I’ve met many people who did not take any special steps to introduce their pups to a crate and their pups learned to relax while crated.
Most people just place their puppy in the crate, give the pup a treat, and ignore any signs of protest. After a few days, the pup begin to relax while crated. Assuming the puppy’s physical and emotional needs are being met, this method is okay by me.
Other pups require a more thoughtful approach.
The concepts for teaching a dog to remain calm in a crate can be adapted to teach a dog to relax when alone in other areas, such as the back porch, another room in the house or briefly tethered to a piece of furniture or door knob.
Before you lock your pup inside a crate and leave the house, introduce your pup to the crate in small doses.
This is best achieved over a long weekend. I like to remove the door at first, so the pup doesn’t get spooked by the swinging door. In some instances, I might even remove the top portion (airline type crates) and present the crate without the top or door attached. It depends on the dog.
Toss some treats inside the crate and let your dog find them without any input from you.
The idea is to form an association between the crate and good things, such as surprise treats.
Feed your dog in the crate. Place water bowl in the front of the crate.
If your dog is hesitant to enter the crate, start by placing the food bowl or treats inside the front edge of the crate so that your dog can eat without entering the crate.
Once he is comfortable eating with his head inside the crate, move the bowl just a bit farther inside the crate. Gradually move the food farther back inside the crate over the next few days. Always remove the bowl with any leftover food after 10-15 minutes.
Once the dog will readily enter the crate to eat, introduce him to the concept of the crate door. Here’s how to do it. With your dog outside of the crate, attach the door and let your dog investigate it. Swing it open and latch it shut several times. Tell him “this is door”.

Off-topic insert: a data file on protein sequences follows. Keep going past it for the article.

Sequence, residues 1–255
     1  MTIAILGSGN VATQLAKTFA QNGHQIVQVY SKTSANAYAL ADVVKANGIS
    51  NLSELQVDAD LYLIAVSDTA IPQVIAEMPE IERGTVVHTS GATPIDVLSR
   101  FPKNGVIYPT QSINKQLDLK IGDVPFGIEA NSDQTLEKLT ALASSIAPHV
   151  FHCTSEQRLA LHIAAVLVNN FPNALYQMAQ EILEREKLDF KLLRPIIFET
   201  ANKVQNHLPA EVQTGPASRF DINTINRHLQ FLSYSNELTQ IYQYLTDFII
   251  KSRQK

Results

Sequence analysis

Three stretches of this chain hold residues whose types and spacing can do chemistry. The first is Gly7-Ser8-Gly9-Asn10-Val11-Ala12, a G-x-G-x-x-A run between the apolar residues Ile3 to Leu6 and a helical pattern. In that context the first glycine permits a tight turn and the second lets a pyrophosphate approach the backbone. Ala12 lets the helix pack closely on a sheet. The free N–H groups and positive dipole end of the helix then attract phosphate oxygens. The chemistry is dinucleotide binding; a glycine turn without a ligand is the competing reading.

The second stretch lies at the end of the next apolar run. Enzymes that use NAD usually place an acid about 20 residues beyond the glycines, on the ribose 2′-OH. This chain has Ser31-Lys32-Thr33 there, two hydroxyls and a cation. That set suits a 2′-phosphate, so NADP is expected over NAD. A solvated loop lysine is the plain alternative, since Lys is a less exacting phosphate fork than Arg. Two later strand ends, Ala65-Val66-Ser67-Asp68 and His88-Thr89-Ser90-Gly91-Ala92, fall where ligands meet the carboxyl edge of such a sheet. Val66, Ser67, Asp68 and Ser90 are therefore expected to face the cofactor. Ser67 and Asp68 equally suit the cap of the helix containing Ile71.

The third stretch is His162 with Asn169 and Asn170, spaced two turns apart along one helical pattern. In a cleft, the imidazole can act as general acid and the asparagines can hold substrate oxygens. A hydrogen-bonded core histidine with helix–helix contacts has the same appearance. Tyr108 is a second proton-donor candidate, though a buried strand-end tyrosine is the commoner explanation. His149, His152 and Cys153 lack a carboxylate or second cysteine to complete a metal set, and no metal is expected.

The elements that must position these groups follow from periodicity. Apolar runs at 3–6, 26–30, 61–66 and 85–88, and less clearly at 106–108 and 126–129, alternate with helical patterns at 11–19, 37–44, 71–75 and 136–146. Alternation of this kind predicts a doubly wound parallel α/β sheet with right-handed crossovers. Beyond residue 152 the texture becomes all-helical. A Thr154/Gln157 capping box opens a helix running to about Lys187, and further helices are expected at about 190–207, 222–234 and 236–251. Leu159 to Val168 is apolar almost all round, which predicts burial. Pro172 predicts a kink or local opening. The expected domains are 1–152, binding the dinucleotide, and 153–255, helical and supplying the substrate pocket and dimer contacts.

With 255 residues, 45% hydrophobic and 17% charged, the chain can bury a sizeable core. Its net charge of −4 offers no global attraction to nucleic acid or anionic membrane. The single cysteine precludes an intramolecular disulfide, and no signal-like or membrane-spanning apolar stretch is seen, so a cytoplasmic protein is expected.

Naming things that interest your dog is a great method to teach your dog about the environment.
Feed him inside the crate with the door attached. After a few meals, he’ll be accustomed to the door.
Now it’s time to introduce him to the closed door when he is inside. As soon as he is happily eating, tell him, “I’m closing the door” and swing the door shut and latch it. Wait a moment and immediately open the door.
Say nothing, just watch him eat and let him come out when he’s finished.
Repeat this sequence during the next few meals, but increase the amount of time the door remains closed.
As you progress through these steps, begin to walk a few steps away. Gradually increase your distance from the crate over several sessions.
In addition to introducing your pup to the crate during meals, start crating your pup late in the evening or mid-mornings. Assumedly he will be tired and ready to rest.
For this exercise I like to place the crate near my favorite chair, in the family room or in the kitchen. This will teach your dog to relax in the crate when people are nearby. You can move the crate farther away in small increments during this introductory period.
Get a Kong®. Amazon stocks all the Kongs at great prices. If you have a puppy, get a puppy kong. They are softer and easier to compress.
Place a bit of wide, silver duct tape over the small opening to seal it off.
Place a few treats or pieces of dog food inside.
Pour some water and a bit of chicken broth inside the Kong®. Stand it upright in the freezer and let it freeze.
Remove the frozen Kong® from the freezer, remove the duct tape and give the Kong® to your crated pup. Once he is engrossed in the Kong®, tell him, “I’m closing the door” and then close the door. He’ll spend 15-25 minutes stimulating his mind and his body while he is foraging inside his crate.
If he has been well-exercised before this “Crate-Kong” sequence, he’ll probably fall asleep soon after he’s finished.
If, after several crate-Kong sessions, your pup is still anxious in the crate, ask your vet for the name of a qualified behavior counselor.
If your puppy just barks and doesn’t want the Kong®, try again later when he is hungry.
Alan J Turner – Companion Animal Behavior Counselor and Trainer, Canine Specialization
How’s Bentley – Memphis, Collierville, Germantown TN
21st Century Canine Relationship Solutions
Private Dog Training in Memphis TN
Reactive Dog Specialist